California’s community property system generally works like this: any property owned by one spouse before a couple marries is separate, and any property obtained by one or both spouses during the marriage is community property (with some exceptions) to be split evenly between them upon divorce. But what happens when a spouse is listed as co-owner of separate property during the course of the marriage? Is that enough to make it community property? California’s Second District Court of Appeals recently took up this question. The answer: it depends.
Husband was working as a police officer in 1971 when he and two friends created a partnership to invest in property. He kicked in a little more than $3,000, and the partnership used revenue to acquire more property and pay expenses. He married Wife in 1990. When the partnership sought a loan to complete a tax-deferred exchange deal in 1995, Husband asked Wife to sign on. He later said he believed that the bank would require him to have Wife sign the loan because he was married at the time. Wife, however, said that her credit was used to help secure the loan. The partnership executed an extension of their agreement in which Husband and Wife were listed as 1/3 owners of the entity. They also signed a statement of partnership with Husband and Wife listed as joint owners.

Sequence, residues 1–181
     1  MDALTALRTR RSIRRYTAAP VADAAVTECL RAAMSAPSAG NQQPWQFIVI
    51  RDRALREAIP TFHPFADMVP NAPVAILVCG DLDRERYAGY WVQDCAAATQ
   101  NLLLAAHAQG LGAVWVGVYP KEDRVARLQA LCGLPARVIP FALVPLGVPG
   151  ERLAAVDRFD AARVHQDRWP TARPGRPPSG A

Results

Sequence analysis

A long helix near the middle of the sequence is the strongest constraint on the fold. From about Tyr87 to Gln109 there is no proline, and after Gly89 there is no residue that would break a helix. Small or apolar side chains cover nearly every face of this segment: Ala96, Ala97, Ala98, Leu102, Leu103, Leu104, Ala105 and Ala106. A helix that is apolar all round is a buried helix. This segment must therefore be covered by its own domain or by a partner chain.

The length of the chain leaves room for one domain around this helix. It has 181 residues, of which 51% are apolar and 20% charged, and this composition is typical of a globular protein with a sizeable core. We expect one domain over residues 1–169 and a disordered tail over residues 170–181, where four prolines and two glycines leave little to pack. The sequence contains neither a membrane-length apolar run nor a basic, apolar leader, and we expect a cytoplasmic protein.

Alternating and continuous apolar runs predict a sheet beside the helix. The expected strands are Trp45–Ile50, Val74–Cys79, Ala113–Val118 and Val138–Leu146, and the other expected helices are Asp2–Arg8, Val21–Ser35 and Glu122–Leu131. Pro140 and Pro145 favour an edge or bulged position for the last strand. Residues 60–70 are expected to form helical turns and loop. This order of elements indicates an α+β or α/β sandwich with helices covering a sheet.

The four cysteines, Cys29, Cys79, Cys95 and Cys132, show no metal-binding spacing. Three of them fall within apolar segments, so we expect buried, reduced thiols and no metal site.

Husband and Wife separated 10 months later. In 2003, the partnership sold its two remaining properties for more than $1.6 million and was dissolved. A trial judge ultimately ruled that the partnership interest became community property when Husband and Wife signed the amended partnership agreement. As a result, the judge said Wife was entitled to a piece of any rents from and appreciation by all properties obtained by the partnership after that time.
Reversing the decision on appeal, however, the Second District said the modification agreement wasn’t enough to convert Husband’s separate property interest in the partnership to a community property interest. That’s because it didn’t qualify as a valid “transmutation” of property under Section 852 of the California Family Code. The statute requires a writing to expressly declare that a property interest is being changed from separate to community in order for it to be enforceable. “Though no particular terminology is required, the writing must reflect a transmutation on its face, and must eliminate the need to consider other evidence in divining this intent,” the Court said. Here, the court found no such language in the partnership modification agreement. As a result, the Court said Husband retained his separate property interest in the partnership.
If you’re considering a divorce in California, it’s important to seek the counsel of an experienced family law attorney. Contact San Jose family law lawyer John S. Yohanan. With more than 30 years of experience, Mr. Yohanan is an accomplished family law attorney who has helped a number of clients resolve a property disposition and a wide variety of other issues on optimal terms. Call our office at (408) 297-0700 or contact us online to schedule a consultation.
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